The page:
Looming large in the minds of veteran Democrats is the impeachment of President Clinton. The Republican-controlled House voted to impeach him, but the GOP wasn’t able to get two-thirds of the Senate to convict him. Clinton’s political contemporaries believed that the effort was viewed unsympathetically by the public and hurt Republicans in the next midterm.

So, move on:

House Democrats are also trying to refocus public attention on their own investigations, which just got underway. The House Judiciary Committee recently asked 81 people or organizations for documents related to the president and the Trump organization.

But not everyone is happy:

By coming out against impeachment, Pelosi is putting herself between the party’s more liberal voters and activists who are clamoring for impeachment and moderate Democrats – many of whom were just elected to their first term – who are more skeptical about impeachment. Those moderates, many of whom will go before voters next week at town hall meetings during the congressional recess, now can redirect some of that frustration to Pelosi, who has long been willing to take the heat for her rank-and-file lawmakers.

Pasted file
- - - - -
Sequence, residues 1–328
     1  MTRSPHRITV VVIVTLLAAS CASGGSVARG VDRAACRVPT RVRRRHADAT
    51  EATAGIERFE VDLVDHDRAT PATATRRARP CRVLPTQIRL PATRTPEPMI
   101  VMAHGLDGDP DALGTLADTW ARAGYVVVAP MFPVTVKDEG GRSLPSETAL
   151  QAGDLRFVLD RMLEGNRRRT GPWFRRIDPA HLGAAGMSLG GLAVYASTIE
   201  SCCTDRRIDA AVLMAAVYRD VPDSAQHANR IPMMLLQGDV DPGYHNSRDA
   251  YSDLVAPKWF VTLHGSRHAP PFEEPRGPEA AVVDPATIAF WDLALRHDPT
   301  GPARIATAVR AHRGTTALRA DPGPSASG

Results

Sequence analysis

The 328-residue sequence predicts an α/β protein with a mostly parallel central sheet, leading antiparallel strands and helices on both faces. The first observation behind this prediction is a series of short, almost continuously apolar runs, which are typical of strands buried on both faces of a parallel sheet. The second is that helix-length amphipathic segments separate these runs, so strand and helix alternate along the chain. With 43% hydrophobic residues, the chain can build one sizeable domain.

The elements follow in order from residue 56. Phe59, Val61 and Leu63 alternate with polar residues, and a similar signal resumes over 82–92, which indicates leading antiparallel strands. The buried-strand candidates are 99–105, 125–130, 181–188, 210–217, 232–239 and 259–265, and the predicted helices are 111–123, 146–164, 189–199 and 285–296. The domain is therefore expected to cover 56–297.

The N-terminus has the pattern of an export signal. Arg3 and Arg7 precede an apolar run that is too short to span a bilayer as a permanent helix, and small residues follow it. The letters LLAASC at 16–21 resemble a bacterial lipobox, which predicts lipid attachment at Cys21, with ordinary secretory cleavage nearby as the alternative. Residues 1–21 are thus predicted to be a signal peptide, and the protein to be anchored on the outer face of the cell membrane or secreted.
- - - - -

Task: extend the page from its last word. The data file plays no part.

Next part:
But announcing her opposition to impeachment even before Mueller has released his report is unlikely to sit well with everyone in the progressive wing of the party.

Rep. Al Green (D-Texas) still plans to pursue impeachment and potentially force a House vote. He forced a similar measure last year when the House was controlled by Republicans. Only 66 Democrats voted on a procedural measure in support of the articles of impeachment.

He may be the fool here: